Workshops and Institutes

NYC Chancellor’s Day Teacher Professional Learning 2018

June 7, 2018

Join us on Chancellor’s Day to strengthen your ability to use the Museum to teach science.

Carter Emmart, Director of Astrovisualization at the Museum, will kick of the event with an immersive tour of Mars in the Hayden Planetarium.  Dr. Emmart will be joined by graduate and undergraduate students working to reconstruct the Martian surface using OpenSpace, an open source software that supports integration of multiple data sets to support exploration of the growing streams of data generated from NASA missions and other researchers around the globe.

Breakout sessions will focus on topics that utilize digital, print, and exhibition resources to connect with the science curriculum in ways that are engaging for students.Museum educators will engage teachers in learning how to use these resources to support student learning. Teachers will receive copies of Educator’s Guide for the Museum exhibits they use during the day as well as digital and print resources.

The day will culminate with a keynote presentation by spider expert and Museum curator Cheryl Y. Hayashi, Leon Hess Director of Comparative Biology Research, as she discusses her research into spider silk, why it’s an exciting time to be a biologist, and why natural history museums are so important to the future of science.


8:15-8:45      Check-in and Breakfast

9:00-10:00     Dome Presentation

10:00-12:30   Breakout Sessions

12:30-1:15     Lunch 

1:15-2:15       Scientist Lecture

2:15-3:00       Free exploration of the Museum

Participants will receive 4.5 hours of CTLE credit 


Breakout Sessions

Elementary Offerings 

Using Educator’s Guides to Design Museum Learning Experiences for Science Concepts in AMNH’s Permanent Exhibition Halls In this session, teachers will walk through using the Essential Questions from the Educator’s Guides from AMNH’s permanent life science exhibitions to create a field trip experience for their students that aligns with both their curricular goals and Science Standards.  While the session will focus on one or two Educator’s Guides, the techniques demonstrated will be easily adaptable to other Halls and areas of focus. Grades K-5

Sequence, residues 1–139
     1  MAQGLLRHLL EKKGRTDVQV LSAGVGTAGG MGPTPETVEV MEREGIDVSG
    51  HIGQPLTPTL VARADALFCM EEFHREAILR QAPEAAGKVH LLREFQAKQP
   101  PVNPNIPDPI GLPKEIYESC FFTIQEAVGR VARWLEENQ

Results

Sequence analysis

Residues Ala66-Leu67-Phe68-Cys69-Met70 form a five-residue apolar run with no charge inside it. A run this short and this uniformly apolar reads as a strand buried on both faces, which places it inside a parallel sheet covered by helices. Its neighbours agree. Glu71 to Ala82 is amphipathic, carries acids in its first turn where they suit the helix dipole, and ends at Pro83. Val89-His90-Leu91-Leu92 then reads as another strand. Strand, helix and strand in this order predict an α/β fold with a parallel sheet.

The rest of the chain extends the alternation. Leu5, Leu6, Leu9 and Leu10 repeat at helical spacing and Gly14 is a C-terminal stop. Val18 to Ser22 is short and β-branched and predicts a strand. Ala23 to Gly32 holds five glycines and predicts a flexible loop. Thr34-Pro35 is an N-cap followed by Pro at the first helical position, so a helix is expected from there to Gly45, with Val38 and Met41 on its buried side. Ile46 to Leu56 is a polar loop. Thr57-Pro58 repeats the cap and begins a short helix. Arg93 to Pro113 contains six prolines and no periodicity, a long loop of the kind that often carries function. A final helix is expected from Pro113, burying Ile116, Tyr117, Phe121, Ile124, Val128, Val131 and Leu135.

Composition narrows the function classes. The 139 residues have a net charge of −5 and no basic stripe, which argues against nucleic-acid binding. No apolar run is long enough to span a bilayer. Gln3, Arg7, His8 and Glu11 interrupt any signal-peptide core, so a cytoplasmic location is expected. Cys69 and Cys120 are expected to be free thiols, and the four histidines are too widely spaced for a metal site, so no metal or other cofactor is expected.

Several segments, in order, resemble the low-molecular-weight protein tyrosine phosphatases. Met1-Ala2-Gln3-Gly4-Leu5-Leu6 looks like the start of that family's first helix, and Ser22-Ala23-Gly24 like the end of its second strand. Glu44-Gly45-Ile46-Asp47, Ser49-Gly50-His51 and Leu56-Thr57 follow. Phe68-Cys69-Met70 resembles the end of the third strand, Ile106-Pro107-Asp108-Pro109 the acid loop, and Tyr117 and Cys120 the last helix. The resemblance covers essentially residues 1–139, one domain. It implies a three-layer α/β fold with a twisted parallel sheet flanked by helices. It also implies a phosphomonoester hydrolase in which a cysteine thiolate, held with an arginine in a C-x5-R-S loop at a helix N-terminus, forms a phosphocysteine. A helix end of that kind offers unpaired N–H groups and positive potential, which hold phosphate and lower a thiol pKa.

Elementary Data Analysis: Looking at Data Using ‘I Squared’ How do we begin supporting elementary students in making sense of graphical representations of data?  The I-Squared Strategy (Identify and Interpret) can support students in learning to make sense of how data is represented. In this session we will explore the data that can be found through investigating owl pellets and we will look at several types of data representations to determine what the data says, what it does not say and how students can become critical thinkers of data representations. Grades 3-5


Let’s Read, Watch, Listen and Learn!  Using Science Trade Books and Museum Exhibits in the Elementary Classroom
In this session, teachers will participate in a learning sequence that blends interactive read aloud of a science trade book with a museum exhibit visit, demonstrating how a multimedia learning sequence can deepen students’ engagement with and understanding of the content. Grades 3-5


Middle and High School Offerings

Exhibition as a portal to our own backyard: Geology, Biology and Climate History Participants will use the Warburg Hall of New York State Environment to explore the connections between geology and biology and clues about our climate history. The session will include specimen based classroom activities, a visit to the Hall and a visit to Central Park. Grades 6-12


Using ice sheet and water storage data to teach about climate change This session explores video, text, and data resources for teaching about NASA’s GRACE (Gravity Recovery and Climate Experiment) mission. In addition to examining global patterns of water storage, the session focuses on ice mass loss in the Greenland and Antarctic ice sheets. Grades 6-12


Exploring Color Perception
This session will explore the physics and physiology of color perception by engaging in a hands-on investigation based on the phenomenon featured in the vision experience section of the Our Senses exhibit. Participants will also be introduced to the cellular level processes that allow the brain to perceive color. Grades 6-12.